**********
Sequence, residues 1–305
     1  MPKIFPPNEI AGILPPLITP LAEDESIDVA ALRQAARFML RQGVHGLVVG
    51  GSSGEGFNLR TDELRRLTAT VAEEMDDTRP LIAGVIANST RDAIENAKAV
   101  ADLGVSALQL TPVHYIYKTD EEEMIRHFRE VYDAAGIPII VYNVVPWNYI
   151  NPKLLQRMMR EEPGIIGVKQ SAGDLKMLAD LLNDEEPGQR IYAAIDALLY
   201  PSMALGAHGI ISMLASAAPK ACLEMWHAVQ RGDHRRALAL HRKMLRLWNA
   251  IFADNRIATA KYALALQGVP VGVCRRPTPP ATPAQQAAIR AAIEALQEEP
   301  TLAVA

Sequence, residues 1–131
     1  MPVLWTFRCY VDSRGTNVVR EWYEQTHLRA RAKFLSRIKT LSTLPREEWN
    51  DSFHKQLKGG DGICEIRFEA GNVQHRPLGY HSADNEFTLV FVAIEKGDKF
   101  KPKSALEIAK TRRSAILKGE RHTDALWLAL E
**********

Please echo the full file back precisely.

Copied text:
Sequence, residues 1–305
     1  MPKIFPPNEI AGILPPLITP LAEDESIDVA ALRQAARFML RQGVHGLVVG
    51  GSSGEGFNLR TDELRRLTAT VAEEMDDTRP LIAGVIANST RDAIENAKAV
   101  ADLGVSALQL TPVHYIYKTD EEEMIRHFRE VYDAAGIPII VYNVVPWNYI
   151  NPKLLQRMMR EEPGIIGVKQ SAGDLKMLAD LLNDEEPGQR IYAAIDALLY
   201  PSMALGAHGI ISMLASAAPK ACLEMWHAVQ RGDHRRALAL HRKMLRLWNA
   251  IFADNRIATA KYALALQGVP VGVCRRPTPP ATPAQQAAIR AAIEALQEEP
   301  TLAVA

Sequence, residues 1–131
     1  MPVLWTFRCY VDSRGTNVVR EWYEQTHLRA RAKFLSRIKT LSTLPREEWN
    51  DSFHKQLKGG DGICEIRFEA GNVQHRPLGY HSADNEFTLV FVAIEKGDKF
   101  KPKSALEIAK TRRSAILKGE RHTDALWLAL E